President Bush's last State of the Union address is expected to be heavy on acrimony, blame and finger-pointing, and will likely avoid such touchy subjects as the economy and war whenever humanly possible.
The President's speech will air live and worldwide, with most networks providing subtitles on their English-speaking channels. Coverage begins at 8 p.m. or whenever the president stops mumbling and starts talking.
Bush is expected to announce "unprecedented changes" in the way lawmakers are paid by providing a complete list of congressmen and senators on the take. This has understandably caused quite a stir in certain congressional circles. Bush is expected to personally join in the fray by offering to "meet behind the White House" with any congressmen who object to losing their hitherto White House endorsed cash cows.
The Texan president has strong feelings about cows, says White House spokesperson Tiffany Jones, who previously held the position of Oval Office cleaning lady but drew the short straw for spokesman of the last leg in the Bush administration. White House interest in chickens is, of course, already well documented. That cock and bull affinity, if true, may also explain President Bush's expected signing of what may prove to be a very expensive and unpopular executive order, sure to provide great difficulties for any incoming administration.
Spokesperson Jones confirms that the president plans to sign an executive order to have undercover men in black 'ear tag' all "left-wingers, commies, fairies, Hillary sympathizers and Mensa members", effective immediately. The order will direct all government law-making agencies to "ignore all list-making of suspect citizens done by previous unnamed administrations" in favor of this new, improved procedure. It "works real good on stray-happy cattle back home", Ms. Jones reports the president as saying, and it therefore has his full confidence.
But the truth may be less savory.
President Bush actually believes that "if people are worthy of American citizenship, they are worthy of federal blacklisting", says an anonymous White House infiltrator recently ousted from the Clinton campaign.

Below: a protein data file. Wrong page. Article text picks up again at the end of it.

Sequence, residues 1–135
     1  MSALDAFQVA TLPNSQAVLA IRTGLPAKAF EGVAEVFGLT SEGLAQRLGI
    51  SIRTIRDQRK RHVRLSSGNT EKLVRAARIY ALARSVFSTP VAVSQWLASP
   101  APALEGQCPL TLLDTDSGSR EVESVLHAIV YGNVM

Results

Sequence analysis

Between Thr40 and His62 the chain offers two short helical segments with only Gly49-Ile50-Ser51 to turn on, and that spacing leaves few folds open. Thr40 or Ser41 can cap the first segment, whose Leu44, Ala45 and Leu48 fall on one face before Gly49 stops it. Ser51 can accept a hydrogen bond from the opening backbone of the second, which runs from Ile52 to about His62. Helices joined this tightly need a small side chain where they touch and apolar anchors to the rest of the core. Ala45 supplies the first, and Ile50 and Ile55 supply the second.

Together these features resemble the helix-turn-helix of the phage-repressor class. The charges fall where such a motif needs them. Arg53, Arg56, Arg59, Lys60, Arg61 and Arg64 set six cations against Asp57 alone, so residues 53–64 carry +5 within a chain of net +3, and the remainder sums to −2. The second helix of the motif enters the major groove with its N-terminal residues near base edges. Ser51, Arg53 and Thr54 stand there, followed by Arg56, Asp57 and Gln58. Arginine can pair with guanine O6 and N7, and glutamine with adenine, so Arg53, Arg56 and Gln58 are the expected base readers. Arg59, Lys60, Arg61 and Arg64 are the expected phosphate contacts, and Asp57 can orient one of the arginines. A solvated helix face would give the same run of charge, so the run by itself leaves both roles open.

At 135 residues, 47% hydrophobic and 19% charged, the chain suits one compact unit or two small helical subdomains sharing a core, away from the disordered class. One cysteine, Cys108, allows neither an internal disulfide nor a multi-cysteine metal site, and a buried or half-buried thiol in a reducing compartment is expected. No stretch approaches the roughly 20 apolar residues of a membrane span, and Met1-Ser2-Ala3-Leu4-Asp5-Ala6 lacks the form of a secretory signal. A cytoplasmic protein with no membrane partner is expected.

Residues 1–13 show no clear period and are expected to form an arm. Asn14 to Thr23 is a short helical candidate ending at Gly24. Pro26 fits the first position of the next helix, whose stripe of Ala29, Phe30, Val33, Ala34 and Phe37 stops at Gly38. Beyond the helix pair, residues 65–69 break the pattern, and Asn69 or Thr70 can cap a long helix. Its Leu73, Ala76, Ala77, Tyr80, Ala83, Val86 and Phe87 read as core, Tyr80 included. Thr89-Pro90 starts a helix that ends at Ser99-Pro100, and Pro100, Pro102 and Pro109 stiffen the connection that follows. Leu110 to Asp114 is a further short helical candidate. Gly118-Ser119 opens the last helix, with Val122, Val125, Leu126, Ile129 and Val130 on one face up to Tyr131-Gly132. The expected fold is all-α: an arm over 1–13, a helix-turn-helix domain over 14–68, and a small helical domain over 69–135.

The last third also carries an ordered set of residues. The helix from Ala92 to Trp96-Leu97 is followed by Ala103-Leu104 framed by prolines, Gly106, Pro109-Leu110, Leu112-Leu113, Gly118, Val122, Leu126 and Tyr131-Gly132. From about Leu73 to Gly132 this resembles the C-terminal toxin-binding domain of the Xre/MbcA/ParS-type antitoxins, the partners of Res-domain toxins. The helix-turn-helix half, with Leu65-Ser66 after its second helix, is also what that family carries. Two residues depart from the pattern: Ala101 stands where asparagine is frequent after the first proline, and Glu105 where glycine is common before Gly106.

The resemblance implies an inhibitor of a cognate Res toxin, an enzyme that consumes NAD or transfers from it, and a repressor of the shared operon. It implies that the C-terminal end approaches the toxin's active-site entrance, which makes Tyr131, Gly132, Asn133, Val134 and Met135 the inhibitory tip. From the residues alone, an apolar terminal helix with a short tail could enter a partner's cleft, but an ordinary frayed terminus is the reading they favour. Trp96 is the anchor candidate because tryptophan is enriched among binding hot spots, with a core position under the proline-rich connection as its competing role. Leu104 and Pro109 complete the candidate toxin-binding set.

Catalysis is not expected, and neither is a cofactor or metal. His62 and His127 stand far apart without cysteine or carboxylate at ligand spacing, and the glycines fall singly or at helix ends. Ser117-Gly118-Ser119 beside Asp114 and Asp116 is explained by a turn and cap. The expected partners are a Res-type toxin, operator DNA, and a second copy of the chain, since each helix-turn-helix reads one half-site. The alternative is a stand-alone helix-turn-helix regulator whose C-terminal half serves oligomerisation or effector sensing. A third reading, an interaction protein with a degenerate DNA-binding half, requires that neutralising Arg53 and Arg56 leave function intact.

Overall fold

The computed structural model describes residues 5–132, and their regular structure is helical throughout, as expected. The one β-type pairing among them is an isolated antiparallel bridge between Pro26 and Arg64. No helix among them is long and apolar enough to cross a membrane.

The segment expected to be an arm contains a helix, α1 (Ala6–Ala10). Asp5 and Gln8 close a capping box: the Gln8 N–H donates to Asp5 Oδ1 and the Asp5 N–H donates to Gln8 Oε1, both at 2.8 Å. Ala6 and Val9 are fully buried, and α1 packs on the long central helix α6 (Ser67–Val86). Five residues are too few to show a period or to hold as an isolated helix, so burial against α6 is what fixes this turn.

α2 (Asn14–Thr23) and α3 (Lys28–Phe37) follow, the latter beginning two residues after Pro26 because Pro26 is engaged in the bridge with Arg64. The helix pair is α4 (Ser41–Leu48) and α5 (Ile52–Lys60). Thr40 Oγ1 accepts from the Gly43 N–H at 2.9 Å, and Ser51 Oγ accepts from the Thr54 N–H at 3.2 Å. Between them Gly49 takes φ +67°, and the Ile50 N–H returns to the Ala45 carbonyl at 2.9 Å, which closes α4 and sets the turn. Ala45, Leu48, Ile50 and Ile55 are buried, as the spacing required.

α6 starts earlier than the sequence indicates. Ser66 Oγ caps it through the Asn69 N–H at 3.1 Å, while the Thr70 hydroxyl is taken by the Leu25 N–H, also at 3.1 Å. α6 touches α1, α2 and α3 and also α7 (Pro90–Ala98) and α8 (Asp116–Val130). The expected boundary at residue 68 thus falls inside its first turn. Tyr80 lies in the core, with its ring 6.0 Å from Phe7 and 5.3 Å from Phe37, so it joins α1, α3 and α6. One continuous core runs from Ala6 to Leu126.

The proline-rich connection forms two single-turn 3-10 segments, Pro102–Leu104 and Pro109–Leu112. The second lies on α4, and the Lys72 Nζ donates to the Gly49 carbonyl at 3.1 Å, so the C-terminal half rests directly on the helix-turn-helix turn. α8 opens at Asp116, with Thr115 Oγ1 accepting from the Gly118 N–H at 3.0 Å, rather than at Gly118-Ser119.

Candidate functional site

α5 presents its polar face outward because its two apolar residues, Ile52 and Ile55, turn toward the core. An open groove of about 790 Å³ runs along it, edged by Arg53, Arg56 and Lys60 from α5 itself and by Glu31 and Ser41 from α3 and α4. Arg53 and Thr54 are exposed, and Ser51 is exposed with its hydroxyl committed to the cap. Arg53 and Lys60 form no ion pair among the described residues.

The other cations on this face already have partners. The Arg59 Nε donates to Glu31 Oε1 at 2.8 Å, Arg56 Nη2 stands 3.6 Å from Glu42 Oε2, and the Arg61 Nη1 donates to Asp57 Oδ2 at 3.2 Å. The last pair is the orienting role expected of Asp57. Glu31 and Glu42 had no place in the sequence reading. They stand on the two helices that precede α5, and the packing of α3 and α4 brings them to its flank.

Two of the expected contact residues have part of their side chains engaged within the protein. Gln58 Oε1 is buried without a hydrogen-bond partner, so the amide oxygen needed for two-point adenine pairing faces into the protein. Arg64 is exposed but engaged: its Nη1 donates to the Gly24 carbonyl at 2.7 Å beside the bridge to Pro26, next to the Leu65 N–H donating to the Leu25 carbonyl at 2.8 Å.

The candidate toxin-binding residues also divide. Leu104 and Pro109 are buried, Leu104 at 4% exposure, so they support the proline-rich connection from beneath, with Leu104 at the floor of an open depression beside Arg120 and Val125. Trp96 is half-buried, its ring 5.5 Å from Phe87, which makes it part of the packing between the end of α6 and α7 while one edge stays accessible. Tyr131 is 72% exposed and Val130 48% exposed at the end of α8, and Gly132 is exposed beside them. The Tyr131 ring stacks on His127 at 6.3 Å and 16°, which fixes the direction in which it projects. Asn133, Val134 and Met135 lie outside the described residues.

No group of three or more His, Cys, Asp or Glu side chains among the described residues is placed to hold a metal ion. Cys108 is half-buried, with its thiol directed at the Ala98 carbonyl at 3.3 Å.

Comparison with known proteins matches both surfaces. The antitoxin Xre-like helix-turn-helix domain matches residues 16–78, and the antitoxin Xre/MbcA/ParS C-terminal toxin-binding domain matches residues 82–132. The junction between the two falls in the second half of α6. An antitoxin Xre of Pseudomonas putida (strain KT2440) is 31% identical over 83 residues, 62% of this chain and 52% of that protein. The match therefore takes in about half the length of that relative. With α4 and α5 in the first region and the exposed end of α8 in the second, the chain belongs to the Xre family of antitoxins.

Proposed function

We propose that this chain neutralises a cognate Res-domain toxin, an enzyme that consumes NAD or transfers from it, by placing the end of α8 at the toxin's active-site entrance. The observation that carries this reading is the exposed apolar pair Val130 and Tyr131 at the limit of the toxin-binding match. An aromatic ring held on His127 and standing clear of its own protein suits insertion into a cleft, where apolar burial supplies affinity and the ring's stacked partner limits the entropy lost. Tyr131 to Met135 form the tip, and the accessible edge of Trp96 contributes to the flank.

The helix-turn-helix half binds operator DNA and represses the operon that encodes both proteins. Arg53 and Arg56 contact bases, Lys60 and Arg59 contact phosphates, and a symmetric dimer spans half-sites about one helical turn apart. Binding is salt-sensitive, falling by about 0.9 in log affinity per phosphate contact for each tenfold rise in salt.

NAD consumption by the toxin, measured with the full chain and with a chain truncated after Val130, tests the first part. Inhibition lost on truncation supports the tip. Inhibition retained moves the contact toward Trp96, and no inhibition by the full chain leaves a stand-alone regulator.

Speaking from the shadows and between doughnuts, the unnamed but familiar full-figured man told reporters that the president's rumored determination to veto all spending bills is "the biggest fairy's tale he's ever seen" and blames award-winning news reporter Tragic Rabbit for the mix-up.
"Gimme a break," the nameless infiltrator adds, noting it to be far more likely that the current president will avidly endorse his own executive order, along with any congressional spending bills that further this new ear-tagging agenda.
Other sources support this view, with anonymous reports coming in hourly of black-suited men in dark sunglasses roaming Washington with handfuls of cattle tags and stun guns. Democrats have been quick to point out, though, that over half of the names on the approved ear-tagging list were provided by senator and GOP presidential candidate John McCain. This essentially indicates, they say, bipartisan support for ear-tagging.
While White House sources today confirm widespread fears of an "intelligence gap" that is sure to follow the end of the current presidency in 2009, they refused to comment on just which administration, the incoming or outgoing, would provide that gap.
Still, rumors abound.
An alleged GOP presidential hopeful, former Arkansas governor Mike Huckabee, initially fired back by claiming that, if there were another terrorist attack, the White House would be to blame, but shortly afterwards could not be found for comment. His remarks cannot therefore be confirmed until his current whereabouts are discovered.
But the majority of Bush's address will focus on ignoring the same issues ignored in all his previous State of the Union addresses-namely, the economy, war, global warming and proper pronunciation.
The president spent all weekend at the White House rehearsing his speech with the help of presidential aides, linguistic specialists, speech therapists, and his mom.
Downplaying unrealistic expectations, senior aides say the 42-minute speech runs about 42 minutes longer than they'd like, and could use a few more tweaks.
Tragic Rabbit, USA Tomorrow, Washington